A little over a month ago, BlackBerry (TSX:BB) launched its flagship QWERTY phone, the Q10, in the U.K. The Q10 has of course since launched in Canada and a variety of countries in continental Europe and Asia as well. However, the new phone has not yet launched in the U.S., which is one of BlackBerry’s top two markets (along with the U.K.).
That’s about to change, as Verizon and T-Mobile are putting the Q10 on sale next week. Even though the Q10 will have a minimal impact on the overall smartphone landscape, it could still be a game-changer for BlackBerry. A passionate minority of smartphone users demand a physical keyboard, particularly for email/messaging use. With the Q10, BlackBerry will regain its position as the dominant vendor for QWERTY smartphones.
Q10 momentum picks up
In the past month, BlackBerry followers have not been able to agree on the initial sales performance of the Q10 smartphone. Analysts at Deutsche Bank think the Q10 is selling fairly well in Canada but underperforming in the U.K.
However, analysts at other Wall Street firms believe that U.K. demand for Q10 is at least as strong as Canadian demand. Furthermore, Deutsche Bank used a dubious methodology for assessing U.K. demand for the Q10 by calling some carriers (including one that had not started selling the phone!) and not others.
While analysts can’t seem to agree, there is reason to believe that total BB10 sales (i.e., the Q10 plus the all-touch Z10 smartphone) will beat current expectations for 3 million to 4 million.
First, we know from last quarter that BlackBerry shipped approximately 1 million Z10 smartphones in the month after its launch.
Second, there is very strong evidence that the Q10 has experienced a stronger launch than Z10. In fact, in the first two weeks after its launch in France, the Q10 was apparently the best-selling smartphone at SFR, a major French mobile provider.
The Q10’s strong initial sales pace is not very surprising, since there was tremendous pent-up demand from long-time BlackBerry (and QWERTY keyboard fans) for it. By contrast, the Z10 is aimed more at first-time smartphone buyers and current Apple or Android users. As a result, demand will probably build more slowly, if at all, for that product.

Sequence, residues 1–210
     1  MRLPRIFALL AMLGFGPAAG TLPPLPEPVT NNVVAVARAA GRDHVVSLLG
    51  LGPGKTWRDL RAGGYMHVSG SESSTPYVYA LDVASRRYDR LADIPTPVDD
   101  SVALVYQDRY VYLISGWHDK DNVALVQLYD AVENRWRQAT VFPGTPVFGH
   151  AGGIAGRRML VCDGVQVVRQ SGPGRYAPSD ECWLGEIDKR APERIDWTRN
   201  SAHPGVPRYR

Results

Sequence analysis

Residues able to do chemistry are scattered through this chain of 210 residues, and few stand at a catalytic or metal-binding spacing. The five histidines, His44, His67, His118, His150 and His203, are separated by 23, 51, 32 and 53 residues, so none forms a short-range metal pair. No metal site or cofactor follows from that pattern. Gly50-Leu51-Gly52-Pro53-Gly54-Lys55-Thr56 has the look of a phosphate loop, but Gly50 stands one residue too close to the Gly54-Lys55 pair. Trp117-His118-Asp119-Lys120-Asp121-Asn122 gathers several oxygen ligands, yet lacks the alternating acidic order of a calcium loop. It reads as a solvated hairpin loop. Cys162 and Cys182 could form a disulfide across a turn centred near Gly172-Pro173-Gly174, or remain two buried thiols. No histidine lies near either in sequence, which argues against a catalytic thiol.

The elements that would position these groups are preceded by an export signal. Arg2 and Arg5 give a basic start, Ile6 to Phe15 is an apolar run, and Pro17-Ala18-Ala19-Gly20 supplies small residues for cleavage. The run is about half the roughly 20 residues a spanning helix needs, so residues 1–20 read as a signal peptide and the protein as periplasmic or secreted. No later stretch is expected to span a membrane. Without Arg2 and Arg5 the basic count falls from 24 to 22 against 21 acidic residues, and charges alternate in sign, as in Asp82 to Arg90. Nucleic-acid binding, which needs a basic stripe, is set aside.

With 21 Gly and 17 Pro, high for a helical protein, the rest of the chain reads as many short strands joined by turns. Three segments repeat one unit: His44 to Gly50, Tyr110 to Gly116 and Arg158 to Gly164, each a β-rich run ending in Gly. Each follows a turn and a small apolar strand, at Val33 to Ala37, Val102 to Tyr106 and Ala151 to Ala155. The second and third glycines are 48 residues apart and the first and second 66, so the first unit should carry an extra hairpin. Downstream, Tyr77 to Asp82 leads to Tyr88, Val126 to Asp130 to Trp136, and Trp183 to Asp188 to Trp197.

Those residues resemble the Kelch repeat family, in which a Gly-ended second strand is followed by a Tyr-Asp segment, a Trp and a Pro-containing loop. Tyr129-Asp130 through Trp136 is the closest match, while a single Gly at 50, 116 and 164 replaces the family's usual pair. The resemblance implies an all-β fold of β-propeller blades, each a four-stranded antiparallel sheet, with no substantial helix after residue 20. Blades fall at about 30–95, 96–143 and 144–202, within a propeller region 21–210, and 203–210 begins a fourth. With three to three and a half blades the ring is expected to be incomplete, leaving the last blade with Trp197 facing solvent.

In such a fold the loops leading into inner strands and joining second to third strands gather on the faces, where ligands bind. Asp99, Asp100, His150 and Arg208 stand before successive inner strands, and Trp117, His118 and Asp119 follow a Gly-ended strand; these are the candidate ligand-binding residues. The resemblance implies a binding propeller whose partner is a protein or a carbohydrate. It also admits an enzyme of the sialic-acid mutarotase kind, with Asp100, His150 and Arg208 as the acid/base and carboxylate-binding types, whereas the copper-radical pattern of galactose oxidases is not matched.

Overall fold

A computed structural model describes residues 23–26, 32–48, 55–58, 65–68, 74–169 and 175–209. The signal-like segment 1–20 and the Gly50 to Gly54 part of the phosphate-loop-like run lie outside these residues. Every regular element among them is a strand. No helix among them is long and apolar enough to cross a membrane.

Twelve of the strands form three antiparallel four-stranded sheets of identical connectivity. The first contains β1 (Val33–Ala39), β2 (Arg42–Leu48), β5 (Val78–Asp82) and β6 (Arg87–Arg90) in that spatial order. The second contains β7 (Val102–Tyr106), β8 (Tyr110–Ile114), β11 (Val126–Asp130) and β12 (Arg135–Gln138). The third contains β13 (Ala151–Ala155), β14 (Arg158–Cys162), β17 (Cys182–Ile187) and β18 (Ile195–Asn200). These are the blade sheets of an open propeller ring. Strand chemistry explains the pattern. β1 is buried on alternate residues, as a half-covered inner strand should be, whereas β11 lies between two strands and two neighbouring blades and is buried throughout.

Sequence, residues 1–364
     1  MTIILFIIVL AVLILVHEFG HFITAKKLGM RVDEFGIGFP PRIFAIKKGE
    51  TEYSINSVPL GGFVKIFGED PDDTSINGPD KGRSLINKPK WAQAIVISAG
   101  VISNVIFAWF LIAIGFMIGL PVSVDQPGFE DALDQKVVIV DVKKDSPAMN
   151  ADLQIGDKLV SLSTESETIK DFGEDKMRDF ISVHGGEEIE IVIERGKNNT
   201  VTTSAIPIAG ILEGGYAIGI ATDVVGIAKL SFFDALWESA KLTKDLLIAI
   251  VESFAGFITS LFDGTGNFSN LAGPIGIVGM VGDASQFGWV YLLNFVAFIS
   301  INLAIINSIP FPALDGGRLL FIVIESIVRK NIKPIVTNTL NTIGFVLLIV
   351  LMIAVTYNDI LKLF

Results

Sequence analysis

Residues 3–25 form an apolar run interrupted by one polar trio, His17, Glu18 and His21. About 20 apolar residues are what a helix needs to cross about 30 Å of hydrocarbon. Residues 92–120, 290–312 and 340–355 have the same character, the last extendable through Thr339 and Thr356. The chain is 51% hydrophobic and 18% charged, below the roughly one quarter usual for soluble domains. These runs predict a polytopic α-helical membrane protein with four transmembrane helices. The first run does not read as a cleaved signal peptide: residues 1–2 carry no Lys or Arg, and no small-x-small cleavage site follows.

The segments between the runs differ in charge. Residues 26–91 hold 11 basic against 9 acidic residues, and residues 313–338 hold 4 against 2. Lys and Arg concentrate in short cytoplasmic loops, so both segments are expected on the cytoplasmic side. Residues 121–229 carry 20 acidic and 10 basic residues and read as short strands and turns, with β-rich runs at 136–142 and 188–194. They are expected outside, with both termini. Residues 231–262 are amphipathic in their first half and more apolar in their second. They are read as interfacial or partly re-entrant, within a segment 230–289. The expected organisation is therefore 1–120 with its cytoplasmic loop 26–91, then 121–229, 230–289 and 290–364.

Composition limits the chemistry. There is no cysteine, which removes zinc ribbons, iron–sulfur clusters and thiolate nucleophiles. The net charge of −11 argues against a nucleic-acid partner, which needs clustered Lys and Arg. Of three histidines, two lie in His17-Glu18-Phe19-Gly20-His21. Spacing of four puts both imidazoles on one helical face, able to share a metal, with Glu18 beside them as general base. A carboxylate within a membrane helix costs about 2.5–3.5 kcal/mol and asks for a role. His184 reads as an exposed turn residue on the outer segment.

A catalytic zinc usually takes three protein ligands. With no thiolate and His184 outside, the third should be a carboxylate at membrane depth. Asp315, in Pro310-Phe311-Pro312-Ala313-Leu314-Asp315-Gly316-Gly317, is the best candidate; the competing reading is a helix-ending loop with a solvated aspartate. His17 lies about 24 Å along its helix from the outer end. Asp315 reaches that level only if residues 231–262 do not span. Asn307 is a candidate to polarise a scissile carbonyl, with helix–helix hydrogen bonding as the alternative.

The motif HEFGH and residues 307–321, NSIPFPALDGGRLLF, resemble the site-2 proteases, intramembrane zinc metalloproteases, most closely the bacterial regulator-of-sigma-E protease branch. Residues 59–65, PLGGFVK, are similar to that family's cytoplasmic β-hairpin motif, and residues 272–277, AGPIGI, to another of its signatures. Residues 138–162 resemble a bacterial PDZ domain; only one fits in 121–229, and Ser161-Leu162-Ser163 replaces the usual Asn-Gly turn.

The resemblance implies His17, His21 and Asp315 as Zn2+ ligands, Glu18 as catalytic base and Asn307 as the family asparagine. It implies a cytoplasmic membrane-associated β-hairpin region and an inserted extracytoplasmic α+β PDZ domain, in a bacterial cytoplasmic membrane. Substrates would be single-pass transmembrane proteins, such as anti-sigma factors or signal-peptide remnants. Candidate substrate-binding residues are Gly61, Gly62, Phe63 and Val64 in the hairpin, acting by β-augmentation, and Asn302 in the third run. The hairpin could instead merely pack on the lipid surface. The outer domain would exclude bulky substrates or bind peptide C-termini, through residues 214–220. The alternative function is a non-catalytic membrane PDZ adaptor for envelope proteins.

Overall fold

Since the Q10 was launched in the U.K. and Canada with roughly a month left in the quarter (similar to the timing of the Z10 launch last quarter), it’s probably safe to say that BlackBerry shipped well over 1 million units. If Q10 shipments totaled just 2 million last quarter, and Z10 shipments remained flat or slightly below the February run-rate, BlackBerry will have shipped 4.5 million to 5 million BB10 smartphones in the quarter, above most analysts’ expectations.
In addition, at least one analyst thinks that BlackBerry has raised its BB10 build plans several times, and is now building more than 2 million devices per month. If that’s true, then 5 million BB10 sales per quarter could be a conservative estimate. This is further supported by a recent report from Digitimes stating that BlackBerry has increased its procurement of smartphone components because of higher-than-expected demand.
There are a few big takeaways. First, analysts who rely entirely on calling stores to gauge demand for BlackBerry products won’t get reliable results. BlackBerry’s strength in the corporate world means that many sales go outside normal retail channels, compared with Apple or Samsung, which are primarily consumer brands.
Second, sales of Apple and Samsung smartphones are of a different order of magnitude than BlackBerry. If BlackBerry can ramp up to selling 5 million Q10 smartphones per quarter, which I think is feasible, it will blow away Wall Street’s expectations. However, the Q10 would still appear to be an “unpopular” phone at that sales pace, compared with Apple’s iPhone 5 or Samsung’s Galaxy S4.
The Foolish Bottom Line
Those that have bet against BlackBerry, and there are many given the sizeable outstanding short position, are betting that this company isn’t going to exist for much longer. Given the relatively low bar that BlackBerry needs to clear for its new products to top expectations, this seems like a bet that has the odds stacked against it.
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The original version of this post, authored by Adam Levine-Weinberg, first appeared on Fool.com.
Fool contributor Adam Levine-Weinberg owns shares of Apple and Blackberry and is long Jan 2014 $13 calls on Blackberry. The Motley Fool owns shares of Apple.
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